Malta strengthens maritime pollution response

Malta-Norway meeting; Photo from DOI- Martin AttardTransport Malta will collaborate with the Norwegian Coastal Administration to strengthen the country's maritime pollution response.

During the launching of the project “Oil / HNS Spill Response Capacity Building For The Protection Of Malta’s Seas,” Transport and Infrastructure Minister Joe Mizzi, said that the undertaking, supported through grants from the European Economic Area (EEA), aims to address our island’s capacity building in the field of maritime incident response, particularly spills from oil and other hazardous and noxious substances.

Through this project, Transport Malta will have the distinction to share the Norwegian partner’s vast experience in this field.

“There is no doubt that the Norwegian Coastal Administration is the ideal partner to enhance Malta’s response to maritime pollution,” Minister Mizzi said.

It is a well-known fact that there is heavy maritime traffic in the Malta Channel, with approximately 25% of the world’s oil transport passing through the Central Mediterranean. Therefore, a particular level of national preparedness against oil spills and other hazardous and noxious substances is crucial, in order to counteract any incidents that may potentially arise and affect our seas, shores and potentially our economy.

Minister Mizzi added that one of the major objectives of the project is to increase the number of persons trained in maritime pollution response. It also aims at identifying potential pollution risks from offshore activities, in order to draw up a response strategy.

In the past, the Maltese maritime sector was also a beneficiary of EEA Grants through which Malta acquired oil pollution response equipment and the commissioned studies related to the drafting of the National Marine Pollution Contingency Plan.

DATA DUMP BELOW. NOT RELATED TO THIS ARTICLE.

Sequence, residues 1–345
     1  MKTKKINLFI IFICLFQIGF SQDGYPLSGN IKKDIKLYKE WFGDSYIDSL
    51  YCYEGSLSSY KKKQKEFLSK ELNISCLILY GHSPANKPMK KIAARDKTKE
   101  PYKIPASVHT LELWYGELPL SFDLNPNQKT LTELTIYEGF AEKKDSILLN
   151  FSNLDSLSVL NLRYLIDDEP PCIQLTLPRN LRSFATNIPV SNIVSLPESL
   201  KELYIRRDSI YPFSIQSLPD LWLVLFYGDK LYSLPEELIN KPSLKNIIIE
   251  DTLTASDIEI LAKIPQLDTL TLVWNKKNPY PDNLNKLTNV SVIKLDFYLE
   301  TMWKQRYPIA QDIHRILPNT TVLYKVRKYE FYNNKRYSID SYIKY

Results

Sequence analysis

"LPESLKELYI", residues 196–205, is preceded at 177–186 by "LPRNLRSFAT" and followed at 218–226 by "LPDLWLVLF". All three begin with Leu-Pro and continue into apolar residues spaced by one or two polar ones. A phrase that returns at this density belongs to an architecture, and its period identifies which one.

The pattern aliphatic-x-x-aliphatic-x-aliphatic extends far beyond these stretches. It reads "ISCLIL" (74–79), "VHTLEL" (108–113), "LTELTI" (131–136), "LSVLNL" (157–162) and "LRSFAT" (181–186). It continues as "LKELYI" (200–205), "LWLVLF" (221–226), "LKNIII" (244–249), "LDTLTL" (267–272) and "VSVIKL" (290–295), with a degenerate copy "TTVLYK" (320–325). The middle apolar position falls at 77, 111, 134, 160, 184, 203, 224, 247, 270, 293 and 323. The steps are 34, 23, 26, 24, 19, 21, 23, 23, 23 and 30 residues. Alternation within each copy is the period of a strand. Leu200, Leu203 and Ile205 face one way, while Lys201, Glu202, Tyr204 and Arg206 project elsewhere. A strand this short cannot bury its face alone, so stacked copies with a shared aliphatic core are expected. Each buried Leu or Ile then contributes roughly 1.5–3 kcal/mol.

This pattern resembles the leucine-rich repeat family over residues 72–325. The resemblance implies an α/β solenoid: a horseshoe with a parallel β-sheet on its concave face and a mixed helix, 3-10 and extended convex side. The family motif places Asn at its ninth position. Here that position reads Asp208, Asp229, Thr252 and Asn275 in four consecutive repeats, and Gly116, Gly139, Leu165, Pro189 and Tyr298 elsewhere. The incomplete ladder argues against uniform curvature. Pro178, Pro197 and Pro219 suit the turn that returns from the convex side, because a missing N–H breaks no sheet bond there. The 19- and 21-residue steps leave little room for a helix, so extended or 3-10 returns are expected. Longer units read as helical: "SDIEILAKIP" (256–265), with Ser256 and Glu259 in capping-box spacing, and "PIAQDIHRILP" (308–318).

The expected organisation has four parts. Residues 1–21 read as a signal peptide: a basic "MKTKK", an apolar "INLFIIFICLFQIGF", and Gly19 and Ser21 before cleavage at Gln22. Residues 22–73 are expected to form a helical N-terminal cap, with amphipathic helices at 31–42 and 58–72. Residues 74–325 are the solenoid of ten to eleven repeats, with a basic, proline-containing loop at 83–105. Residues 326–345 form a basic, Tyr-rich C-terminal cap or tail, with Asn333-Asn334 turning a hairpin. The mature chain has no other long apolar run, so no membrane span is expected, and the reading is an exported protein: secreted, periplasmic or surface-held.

The project being launched today, has taken into consideration the results achieved through those funds and other national efforts, in order to strengthen Malta’s preparedness to pollution risks from shipping and other maritime activities.  In fact, the current project design has been tailor-made to build on previous efforts and resources acquiredand alsoto strengthen Malta’s capacity to respond to maritime pollution incidents.

This project has allocated a substantial percentage of its €613,000 budget, towards the provision of training and identifying other possible training deficiencies Malta has to address.

The conference was also addressed by Parliamentary Secretary for EU Presidency 2017 and EU Funds Dr. Ian Borg (pictured at right) who stated that by means of the EEA and the Norway Grants Programs for the period 2009-2014, Malta would be benefitting from €4.5 million.  These funds will go to finance various projects in and around Malta and Gozo.  In fact, Dr. Borg said that this was a project entrusted to the Transport Authority, benefitting from €440,000.

Dr. Borg insisted that these grant programs, aimed at enhancing various projects, would also go a long way to strengthen relationships between all the countries concerned.  This can be achieved by way of the participants sharing of their experiences and good practices amongst each other.

The project is supported by a grant from Iceland, Leichenstein and Norway, through the EEA Grants 2009-2014.

Malta-Norway meeting; photo courtesy of DOI- Martin Attard.


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